Financial Times article about gold hedging

Section:

10:15p ET Thursday, February 22, 2001

Dear Friend of GATA and Gold:

Here are two more dispatches tonight from GATA Chairman
Bill Murphy to his subscribers at www.LeMetropoleCafe.com.

CHRIS POWELL, Secretary/Treasurer
Gold Anti-Trust Action Committee Inc.

---------------------------------

By Bill Murphy
www.LeMetropoleCafe.com
February 22, 2001

The World Gold Council today sent a letter today to
its members. It spoke of problems in the physical gold market.
I was told that such a letter is highly unusual.

As the day progressed, there was continued talk in
New York about a physical gold problem. It appears that
while there is central bank gold around, there is not
enough refined gold needed by gold users. What was
being used for lending is gone, used up -- and is now
jewelry around someone's neck in India. The Bank of
England and others are scrambling to cover current needs.
That could explain why some official-sector entity is
selling gold right now -- so that it can be sent to
refineries.

Another story has it that a gold producer wants to
cover some forward sales and return borrowed gold to
the central bank. That means the bullion banker
lender must buy physical gold and return it to a
central bank. That tightens up the spot market.

Cafe member Marcia Peters sent the following about
the lease rate situation:

"On Jan. 3, 2001, gold could be leased for a one-year
term at 1.4 percent. Bullion banks (or whoever lends the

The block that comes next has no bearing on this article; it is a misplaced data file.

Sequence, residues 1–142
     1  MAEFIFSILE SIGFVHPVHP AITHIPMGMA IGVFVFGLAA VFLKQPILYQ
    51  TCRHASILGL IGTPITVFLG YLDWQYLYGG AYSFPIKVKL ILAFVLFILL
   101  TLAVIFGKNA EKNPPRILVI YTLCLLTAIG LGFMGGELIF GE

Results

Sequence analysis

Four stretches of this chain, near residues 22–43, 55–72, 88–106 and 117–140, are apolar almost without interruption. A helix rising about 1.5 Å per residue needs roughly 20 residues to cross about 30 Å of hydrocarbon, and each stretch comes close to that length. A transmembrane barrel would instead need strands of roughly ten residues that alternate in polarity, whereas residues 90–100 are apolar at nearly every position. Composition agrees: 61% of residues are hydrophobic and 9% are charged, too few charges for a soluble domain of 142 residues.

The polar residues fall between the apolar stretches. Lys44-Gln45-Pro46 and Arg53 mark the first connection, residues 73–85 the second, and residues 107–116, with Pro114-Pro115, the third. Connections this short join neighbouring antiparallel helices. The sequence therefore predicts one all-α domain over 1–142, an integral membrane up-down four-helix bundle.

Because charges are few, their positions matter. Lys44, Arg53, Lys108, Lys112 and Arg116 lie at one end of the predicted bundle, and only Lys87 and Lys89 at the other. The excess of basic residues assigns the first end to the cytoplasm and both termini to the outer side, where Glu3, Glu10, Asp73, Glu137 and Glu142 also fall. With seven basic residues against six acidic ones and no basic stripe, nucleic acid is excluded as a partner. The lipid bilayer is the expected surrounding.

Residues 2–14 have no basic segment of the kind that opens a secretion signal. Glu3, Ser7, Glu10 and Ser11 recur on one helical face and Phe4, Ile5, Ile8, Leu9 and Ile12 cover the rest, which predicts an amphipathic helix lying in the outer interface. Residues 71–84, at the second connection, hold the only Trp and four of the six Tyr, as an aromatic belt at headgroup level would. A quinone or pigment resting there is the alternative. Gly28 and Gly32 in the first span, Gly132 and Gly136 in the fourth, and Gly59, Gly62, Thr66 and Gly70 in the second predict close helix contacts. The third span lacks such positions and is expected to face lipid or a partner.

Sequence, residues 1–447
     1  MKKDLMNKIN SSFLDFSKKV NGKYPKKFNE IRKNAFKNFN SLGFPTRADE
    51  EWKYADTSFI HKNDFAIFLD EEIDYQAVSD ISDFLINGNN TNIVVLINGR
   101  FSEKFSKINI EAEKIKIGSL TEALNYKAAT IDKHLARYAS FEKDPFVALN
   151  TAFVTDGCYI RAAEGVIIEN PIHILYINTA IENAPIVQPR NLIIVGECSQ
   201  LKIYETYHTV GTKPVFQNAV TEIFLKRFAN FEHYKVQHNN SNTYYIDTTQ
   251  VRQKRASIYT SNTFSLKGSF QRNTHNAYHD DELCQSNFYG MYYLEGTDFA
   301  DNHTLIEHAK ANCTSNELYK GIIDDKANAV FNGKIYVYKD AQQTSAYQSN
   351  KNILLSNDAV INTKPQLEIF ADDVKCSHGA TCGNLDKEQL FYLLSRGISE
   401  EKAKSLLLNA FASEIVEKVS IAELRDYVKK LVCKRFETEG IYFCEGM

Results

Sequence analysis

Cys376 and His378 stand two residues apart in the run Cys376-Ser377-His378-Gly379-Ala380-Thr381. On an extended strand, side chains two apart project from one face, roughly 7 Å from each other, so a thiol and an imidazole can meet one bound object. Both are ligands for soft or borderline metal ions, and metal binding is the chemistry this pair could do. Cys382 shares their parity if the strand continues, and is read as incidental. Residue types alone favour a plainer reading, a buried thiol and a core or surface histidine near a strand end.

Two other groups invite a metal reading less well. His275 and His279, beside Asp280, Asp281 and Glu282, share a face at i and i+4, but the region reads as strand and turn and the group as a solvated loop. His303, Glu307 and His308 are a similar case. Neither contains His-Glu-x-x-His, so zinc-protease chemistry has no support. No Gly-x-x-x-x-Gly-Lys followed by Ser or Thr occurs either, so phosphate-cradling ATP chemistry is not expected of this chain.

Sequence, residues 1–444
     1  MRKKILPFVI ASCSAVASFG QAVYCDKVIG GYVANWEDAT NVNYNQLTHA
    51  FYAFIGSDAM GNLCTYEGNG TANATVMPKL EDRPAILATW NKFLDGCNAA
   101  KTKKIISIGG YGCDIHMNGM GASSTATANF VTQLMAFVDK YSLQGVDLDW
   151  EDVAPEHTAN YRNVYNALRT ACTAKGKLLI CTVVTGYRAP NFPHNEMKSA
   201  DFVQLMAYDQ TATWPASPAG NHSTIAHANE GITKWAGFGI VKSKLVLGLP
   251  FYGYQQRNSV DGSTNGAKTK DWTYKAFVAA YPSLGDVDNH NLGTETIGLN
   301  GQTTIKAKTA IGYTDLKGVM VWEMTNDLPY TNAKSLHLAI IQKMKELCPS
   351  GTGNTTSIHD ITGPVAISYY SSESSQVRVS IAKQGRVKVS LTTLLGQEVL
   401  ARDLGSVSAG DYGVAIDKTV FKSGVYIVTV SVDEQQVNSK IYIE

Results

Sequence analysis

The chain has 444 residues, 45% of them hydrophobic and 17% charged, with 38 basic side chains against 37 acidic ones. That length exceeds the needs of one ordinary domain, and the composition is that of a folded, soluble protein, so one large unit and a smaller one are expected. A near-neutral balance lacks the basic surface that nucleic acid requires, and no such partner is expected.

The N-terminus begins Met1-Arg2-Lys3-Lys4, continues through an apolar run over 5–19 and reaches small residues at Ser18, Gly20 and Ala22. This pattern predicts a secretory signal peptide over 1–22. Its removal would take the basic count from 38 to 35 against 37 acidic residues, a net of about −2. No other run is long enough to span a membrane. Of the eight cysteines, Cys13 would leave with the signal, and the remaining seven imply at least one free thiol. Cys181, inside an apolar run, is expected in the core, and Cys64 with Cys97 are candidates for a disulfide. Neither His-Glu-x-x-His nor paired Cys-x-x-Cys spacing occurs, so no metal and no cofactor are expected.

stuff) were confident enough that this price adequately
captured whatever risk they could confidently predict
for a year in advance. One-month rates were at three-quarters
of a percent.

"By last week (Feb. 15) the one-year rate that had
stayed flat in the low 1.35 percent range for six weeks
aggressively moved up to 1.5 percent, and one-month rates
were at 1 1/4 percent. Change in confidence? Unforeseen
change in economic conditions? I'll say.

"By today (Feb. 22) the lease rates for one, two three, and six
months are all in the neighborhood of 1.54-1.59 percent.
Suddenly the 1.40 that they were willing to lock in for a year
just six weeks ago looks like a very bad deal. Likewise the 0.9
percent they were willing to lock in for a six-month lease.
What has changed? Perception of risk, obviously."

Regarding the meeting I had with the Reserve Bank of
South Africa.... So there is no confusion, it was arranged
during a Cape Town breakfast meeting with the minister
of Minerals and Energy, Ms. Phumzile Mlambo Ngcuka, at
her request.

Actually, that moment gave me a chuckle. During the
phone call to set up the meeting, the ministry official
on the phone started smiling, so I asked him about it. He told
me that his colleague in Pretoria had asked, "What is he up
to now?"

Other useful info sent my way....

The Reserve Bank of South Africa is owned by private
shareholders. Who are they? No one could tell me while I was
in the country. But the talk is that many are the same financial
institutions that are the shareholders of the Federal Reserve
Bank in the United States All one big happy cabal family.

Word also to me is that the Oppenheimer family of
Anglogold fame is a big Reserve Bank shareholder. Perhaps
that is what the recent email to me from South Africa was all
about. The plot thickens everywhere we turn.

I wonder why British Prime Minister Tony Blair is suddenly
headed to Camp David to meet with President Bush?

Sir Peter Tapsell of the House of Lords in England is making